All that said, the trick here is to find a way to keep your prime rib warm in such a way that its doneness won’t be affected. What that means is that it will stay warm without the meat getting cooked all the way through or possibly becoming overcooked. And when a slab of prime rib gets overcooked, it becomes harder to chew through it.

How to keep a prime rib warm?

Now that you know why it is important to keep a prime rib warm such that you shouldn’t be continuing to cook the meat, how do you even do that in the first place? What is the best way for you to keep your prime rib warm without cooking it all the way through?

So, one of the easiest ways of keeping any food warm is by keeping it in a warmer, which is just a metal pan with a small burner underneath to make sure the food stays warm without overcooking it. 

While this might be useful for a prime rib to some extent, the problem here is that you might only be warming one side of the prime rib, which is a big slab of meat. And if you do slice the prime rib and then keep the slices in the warmer, there is a good chance that the individual slices will end up cooking all the way through.

As such, what we recommend here is to not use a warmer but to use your oven again. You might be wondering why we should even use the oven again if we actually just roasted the entire prime rib there. But the thing we need to keep in mind here is that we are not cooking the prime rib but we are only going to keep it warm in the oven. So, how do you do that?

To keep your prime rib warm in time for your function or even, here’s what you need to do:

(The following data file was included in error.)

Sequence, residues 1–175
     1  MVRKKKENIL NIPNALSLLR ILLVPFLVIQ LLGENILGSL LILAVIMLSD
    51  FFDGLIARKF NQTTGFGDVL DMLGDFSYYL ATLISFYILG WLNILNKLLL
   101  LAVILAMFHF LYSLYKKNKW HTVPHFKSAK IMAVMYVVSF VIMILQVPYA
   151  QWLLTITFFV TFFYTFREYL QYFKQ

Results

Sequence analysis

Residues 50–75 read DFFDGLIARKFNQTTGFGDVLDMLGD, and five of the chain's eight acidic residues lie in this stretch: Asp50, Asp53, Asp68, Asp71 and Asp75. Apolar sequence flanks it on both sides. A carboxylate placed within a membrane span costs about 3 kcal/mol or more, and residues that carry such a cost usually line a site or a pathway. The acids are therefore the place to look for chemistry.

• The first thing you need to do after cooking the prime rib is to allow it to rest for about half an hour or more than that if you do have a particularly large slab of prime rib. This will allow the juices to redistribute all over the meat.
  • While allowing the meat to rest, pre-heat your oven to somewhere between 170 and 200 degrees F, which is a lot lower than the cooking temperature (somewhere between 350 and 500 degrees) that you used to roast the prime rib.
  • Don’t let the temperatures go over 200 degrees because that will allow the prime rib to continue to cook. This will ruin the doneness of the meat and will turn a medium-rare prime rib into a well-done or even overcooked slab.
  • When the prime rib has already rested long enough, wrap aluminum foil around it and keep it on the roasting tray.
  • Put the entire roasting tray back in the oven. This will keep the prime rib warm but not cooked all the way through as the foil acts as an insulator that will merely allow the meat to feel enough heat to stay warm without it continuing to cook.
  • When your guests have arrived, that is when you should take the prime rib out of the oven. You don’t even need to rest it anymore.

Sources:

https://www.leaf.tv/articles/how-to-keep-prime-rib-warm/

https://cheftalk.com/threads/keeping-prime-rib-hot-during-service.101355/

Eric M Wilkens

Content writer and recreational cook. I also enjoy craft beer, comedy and the outdoors.